7. Actually they couldn't find the fault and refused to charge me. Which was nice for my wallet. They have offered to take another look when it goes in for a routine cambelt and waterpump. However I am reluctant to spend the £400 on that without having this fixed first. On top of all this I need the prop shaft centre support bearing replaced. Which Audi no longer do... so have to buy the parts from Australia or aftermarket from US then another £400 to fit.
  8. Hey everyone, Got another problem with my nightmare Audi. I have been to two experts and they don't have a clue what the problem is. After a drive, once the car is warm, the car seems to idle rough. The exhaust note drops and sounds throaty. I haven't noticed any smoke but that could be due to the DPF and I can't really feel a drop in power. After about a minute sitting the car very suddenly drops back to it's original exhaust note. Additionally a very faint clicking can be heard down the exhaust. However cannot hear anything out of the ordinary towards the engine. I also have a couple OBDEleven faults Cylinder 1 Injector short to B+ (intermittent) and IMRC Intake Manifold Runner Control fault also intermittent. Any ideas what short to B+ means and cause also IMRC I have no ideas about as I deleted the swirl flaps a year ago without issues. Throttle body? I suspect it could be a faulty EGR, coolant sensor, maybe injector? Can also have issues on rare occasions starting, super lumpy idle. I think thats a misfire on injector one. Which is showing as a fault on the first injector. However drives fine so not sure this is causing the issues with the sound when hot. Any ideas would be appreciated
  9. Hey everyone, So I reckon my clutch is going but I would rather someone with more experience confirm my suspicions The clutch feels very dull, it is very hard to pinpoint a bite point. It feels as if the clutch makes contact lower on the pedal action but doesn't grip until much higher up. The clutch takes a long time to engage when pulling away, car does not like to pull away at speed. I have found it hard to change gears on a couple of occasions on cold mornings. It may have slipped a couple times but I am not certain: I have been driving up a hill before in a high gear suddenly to find a loss of power and a grinding sound, which immediately stopped when pressing the clutch pedal in. I have also been driving in a high gear and heard a similar grinding sound when forced to brake suddenly. Assuming again sudden drop in speed caused slip. I believe the flywheel is probably also pretty weak as the car doesn't feel smooth between gear changes or pulling away. I got a couple quotes already none of which are cheap... because Quattro... I just want some validation before I bite the bullet.
  10. Luey

    won't start

    Sorry I forgot your second question. I'm not sure if your Q7 has a belt or a chain. I could tell just by listening to it. A quick Google search wasn't helpful. Some people seem to believe if you have a timing chain unlike a belt it never needs to be replaced. They're wrong. Timing chain tensioners fail all the time and timing chains can wear or even stretch. I will do a little more digging when I get more time.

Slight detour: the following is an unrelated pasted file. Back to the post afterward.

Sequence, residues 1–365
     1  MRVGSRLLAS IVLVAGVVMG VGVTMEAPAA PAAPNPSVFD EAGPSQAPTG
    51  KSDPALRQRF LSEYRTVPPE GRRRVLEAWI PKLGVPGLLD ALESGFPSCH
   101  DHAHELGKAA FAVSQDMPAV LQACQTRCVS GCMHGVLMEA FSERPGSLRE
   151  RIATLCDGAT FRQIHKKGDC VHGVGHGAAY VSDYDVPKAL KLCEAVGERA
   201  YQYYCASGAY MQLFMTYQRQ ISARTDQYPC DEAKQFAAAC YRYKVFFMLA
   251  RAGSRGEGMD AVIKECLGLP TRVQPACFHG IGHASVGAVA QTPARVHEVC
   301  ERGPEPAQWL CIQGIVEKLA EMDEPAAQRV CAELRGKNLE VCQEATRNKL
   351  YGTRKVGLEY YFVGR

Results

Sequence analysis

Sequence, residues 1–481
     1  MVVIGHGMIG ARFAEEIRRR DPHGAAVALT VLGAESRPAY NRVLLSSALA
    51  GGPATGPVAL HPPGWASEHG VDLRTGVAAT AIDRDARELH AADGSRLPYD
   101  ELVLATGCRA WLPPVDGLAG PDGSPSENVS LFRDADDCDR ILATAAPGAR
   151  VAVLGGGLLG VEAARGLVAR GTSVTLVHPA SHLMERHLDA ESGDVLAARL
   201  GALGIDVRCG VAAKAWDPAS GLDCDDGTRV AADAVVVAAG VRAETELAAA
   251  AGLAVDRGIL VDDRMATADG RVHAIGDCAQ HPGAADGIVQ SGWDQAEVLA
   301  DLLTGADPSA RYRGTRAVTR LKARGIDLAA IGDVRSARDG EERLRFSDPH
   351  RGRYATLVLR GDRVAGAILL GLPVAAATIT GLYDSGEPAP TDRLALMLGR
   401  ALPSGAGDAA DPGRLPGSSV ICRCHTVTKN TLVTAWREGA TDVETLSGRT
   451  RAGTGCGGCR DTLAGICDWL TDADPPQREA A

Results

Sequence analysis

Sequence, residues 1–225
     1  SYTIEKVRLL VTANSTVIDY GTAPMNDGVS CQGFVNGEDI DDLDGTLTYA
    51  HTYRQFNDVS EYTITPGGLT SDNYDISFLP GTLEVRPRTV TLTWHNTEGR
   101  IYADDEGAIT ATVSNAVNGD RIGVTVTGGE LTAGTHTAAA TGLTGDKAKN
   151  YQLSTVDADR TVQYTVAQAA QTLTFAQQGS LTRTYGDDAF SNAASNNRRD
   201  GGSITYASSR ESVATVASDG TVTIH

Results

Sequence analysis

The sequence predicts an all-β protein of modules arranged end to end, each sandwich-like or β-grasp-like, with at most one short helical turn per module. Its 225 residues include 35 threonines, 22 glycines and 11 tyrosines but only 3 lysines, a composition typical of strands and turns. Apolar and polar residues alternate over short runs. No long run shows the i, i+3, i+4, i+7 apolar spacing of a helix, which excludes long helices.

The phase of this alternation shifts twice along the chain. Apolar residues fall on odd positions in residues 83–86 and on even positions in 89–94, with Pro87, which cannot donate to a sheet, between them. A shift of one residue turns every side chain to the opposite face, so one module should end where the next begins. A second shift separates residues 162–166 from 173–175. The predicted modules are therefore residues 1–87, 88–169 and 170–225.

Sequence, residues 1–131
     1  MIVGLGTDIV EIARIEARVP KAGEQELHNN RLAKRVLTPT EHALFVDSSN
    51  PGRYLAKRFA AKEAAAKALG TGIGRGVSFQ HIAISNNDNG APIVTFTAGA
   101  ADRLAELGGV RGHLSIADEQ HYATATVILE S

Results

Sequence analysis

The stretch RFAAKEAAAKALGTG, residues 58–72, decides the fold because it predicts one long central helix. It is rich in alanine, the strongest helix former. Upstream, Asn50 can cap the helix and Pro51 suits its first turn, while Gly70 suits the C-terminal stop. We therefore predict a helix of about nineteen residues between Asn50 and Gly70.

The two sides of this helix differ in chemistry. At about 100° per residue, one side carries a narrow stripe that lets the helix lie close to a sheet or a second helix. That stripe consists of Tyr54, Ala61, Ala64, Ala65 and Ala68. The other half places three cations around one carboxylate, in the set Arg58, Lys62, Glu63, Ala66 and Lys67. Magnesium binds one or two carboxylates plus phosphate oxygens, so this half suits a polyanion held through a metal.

11. Luey

    won't start

    Sorry I mean't to reply sooner. It's been a very busy 24 hours. I did some checking yesterday for you. The LION battery you have currently fitted is up to the minimum specification recommended by the manufacturer, however they are a cheap alternative. The BOSCH battery you just bought is perfect! It's got a few extra cranking amps and a little more power too and it'll be very well manufactured. I'm still betting the battery has died personally. It was probably poorly manufactured or something. Hopefully you can return for a refund if it had died already. Again whatever is wrong it absolutely can't be anything major. My Audi was poorly cared for by it's last owner, I like to think I rescued her, she'd done 29,000 miles without a service. She required a little love and attention but she's not let me down yet and every time I drive her I've had the biggest smile on my face. I've done most of the work myself using a £25 tool kit bought many many years ago from Aldi. Audi built fantastic cars, and they build them well, but as with any car they can have a problem every now and then. The only new thing I can think of you might want to check is the fans on the radiator. After you've been for a drive shut the car off and give it a minute or two, then go open the hood and directly beneath you will be the radiator. The radiator will have a couple of electric fans connected to it, see if they're still spinning, the circuit to them can breakdown and get stuck on which drains the battery. They might/should run for a little while after you shut the engine off to cool it down. However if they're stuck on after say 5-10 mins something may be wrong. It only takes a couple minutes to check and it doesn't cost you a penny.